Archive for February, 2011

Write an introductory post on the use of Javascript in XHTML documents.  Topics could include if, loops, functions, parameters and return values. Be sure to cover script embedded in the document and external scripts.

The utilisation of JavaScript within a XHTML document has been plaguing me for some weeks. The DOM in it structure is quite simple to understand when you lay it out. When coding, however, there are certain styles of addressing certain parts of a program. Practice is always so very different from theory.

For example, say one would wish to either count all the boxes checked within a form, or detect when not looking at a picture from a pop up.

Name and Address – Due to confines of web browsers (only IE, the main source of internet standards conflicts and slow adoption) DOM version 0 (zero) is the main orientation. Now to be brief, while we could find certain elements via their name or tag, the best is id. This allows quick and unique application to that area and works browser wide and is fairly compaitible/adaptable. Note that this is actually a JavaScript method! Example:


…and the best way to trim that down, rather than use it every time you wish to address it in a code is assign it to a variable:

var formAccess  = document.getElementById("userForm123");

Capturing and securing – the events and handling on the page  revolve around dynamic interaction on the page once it has been loaded. The page reacts to certain things, and specifically im looking at the blur (onblur) that activates when a user goes from having it ‘in focus’ meaning, interacting with that part so to speak. a good example is switching between windows – they blur when you select a diferent window. Rather cmmon with internet advertisments and how they pop up alerts askign “DO YOU REALLY WANT TO LEAVE? 😥 BUT YOU WON $ 100000”. Another example could be when a form submit button is pressed at finialisation (onsubmit).

Implementation – So we have a form, we know how to access it and who to react to triggers that are of use. A classic example i mentioned before to count how many radio buttons have been pressed would be running a FOR loop and checking every true value and chalking up a score as you go along, then writing  or piping that to another text area or even writing it into the html page!

I’m going to head out now and try some codes within the assignment and flesh this out with my finding!

Later: Okay, so i managed to find some really simple code that will is easy to understand, while also applying to the assignment. Very exciting!

Here is an example of grabbing content and piping it over to another spot. Firstly, the HTML and ID references. ( i will take out ending tags for readability)

<form name="myform">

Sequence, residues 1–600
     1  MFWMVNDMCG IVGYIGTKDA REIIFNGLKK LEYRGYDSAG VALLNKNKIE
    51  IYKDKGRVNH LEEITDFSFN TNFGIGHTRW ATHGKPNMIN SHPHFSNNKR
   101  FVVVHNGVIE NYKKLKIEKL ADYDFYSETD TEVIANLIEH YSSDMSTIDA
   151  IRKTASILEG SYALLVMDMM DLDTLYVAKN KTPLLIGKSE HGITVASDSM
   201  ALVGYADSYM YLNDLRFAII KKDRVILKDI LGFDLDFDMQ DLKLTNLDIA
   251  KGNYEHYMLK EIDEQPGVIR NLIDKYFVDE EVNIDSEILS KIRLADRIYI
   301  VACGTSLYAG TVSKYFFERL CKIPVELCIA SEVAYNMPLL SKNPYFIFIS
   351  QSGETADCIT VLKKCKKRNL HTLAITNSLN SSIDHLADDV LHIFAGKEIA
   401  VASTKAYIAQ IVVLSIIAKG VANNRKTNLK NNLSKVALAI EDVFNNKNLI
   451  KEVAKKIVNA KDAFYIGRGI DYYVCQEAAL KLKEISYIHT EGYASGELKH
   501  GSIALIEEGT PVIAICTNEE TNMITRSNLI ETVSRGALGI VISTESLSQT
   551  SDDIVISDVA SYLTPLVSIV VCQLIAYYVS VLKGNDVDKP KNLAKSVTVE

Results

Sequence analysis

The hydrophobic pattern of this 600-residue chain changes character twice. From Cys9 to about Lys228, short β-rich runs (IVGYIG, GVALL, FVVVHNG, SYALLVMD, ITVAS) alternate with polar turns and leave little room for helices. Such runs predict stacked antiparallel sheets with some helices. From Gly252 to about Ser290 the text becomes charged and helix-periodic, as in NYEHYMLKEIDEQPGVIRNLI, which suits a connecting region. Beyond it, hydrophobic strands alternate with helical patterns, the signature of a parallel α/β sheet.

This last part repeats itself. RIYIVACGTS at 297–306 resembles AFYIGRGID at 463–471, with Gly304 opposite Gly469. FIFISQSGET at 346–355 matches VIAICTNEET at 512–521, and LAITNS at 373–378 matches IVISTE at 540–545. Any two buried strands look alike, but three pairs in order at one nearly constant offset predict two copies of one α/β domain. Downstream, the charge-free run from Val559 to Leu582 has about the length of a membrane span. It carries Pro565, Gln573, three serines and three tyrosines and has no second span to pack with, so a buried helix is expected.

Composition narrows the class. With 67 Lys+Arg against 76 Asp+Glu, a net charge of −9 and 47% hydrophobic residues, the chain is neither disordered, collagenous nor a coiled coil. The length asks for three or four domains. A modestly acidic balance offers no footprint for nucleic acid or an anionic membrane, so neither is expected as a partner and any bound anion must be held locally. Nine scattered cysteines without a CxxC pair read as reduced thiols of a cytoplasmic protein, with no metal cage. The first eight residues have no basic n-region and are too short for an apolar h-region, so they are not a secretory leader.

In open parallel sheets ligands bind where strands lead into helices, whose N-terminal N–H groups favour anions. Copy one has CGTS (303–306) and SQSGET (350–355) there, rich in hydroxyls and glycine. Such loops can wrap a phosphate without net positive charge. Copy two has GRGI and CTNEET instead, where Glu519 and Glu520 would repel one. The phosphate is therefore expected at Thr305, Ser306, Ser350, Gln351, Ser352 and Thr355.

<table border="0" cellspacing="0" cellpadding="5">
<textarea name="inputtext">
<input type="radio" name="placement" value="append" checked> Add to Existing Text<br>
<input type="radio" name="placement" value="replace"> Replace Existing Text<br
<input type="button" value="Add New Text" onClick="addtext();"></p>	
<textarea name="outputtext"></textarea>

When the button is clicked, the function addtext() is called. What is addtext?
<script language="javascript" type="text/javascript">	
function addtext() {				
var newtext = document.myform.inputtext.value;	
if (document.myform.placement[1].checked) 
document.myform.outputtext.value = "";
document.myform.outputtext.value += newtext;

Now, I thought it would use the getElementById, but this example is obviously too simple. Maybe this way of calling the element by name is more compatible? All browsers support it, but it does not pass technical validation.

I will definitely adapt it and post back my results!


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Cascading Style Sheets

Write a blog post on why cascading style sheets are important when developing a web application.What options are there for providing styles to parts of a document?  What can you do if you want to use your own style to read a web document in Internet explorer?  How can an alternate style be used in Firefox?

Cascading Style Sheets

The internet today would not look near the same style and quality we see today without the aid of Cascading Style Sheets. Here is why:

  1. Style – CSS has more options orientated to how the browser will render the page, far supassing the ability of the tags. Though the likes of HTML5 tags have advanced considerably (here, here and here) , CSS (versions 1 to 3) will always excel at implementing fonts, colours, images, borders and layouts. The level of command and ease to apply graphic changes has it heavily implemented in the majority of popular web applications – wordpress is one classic example.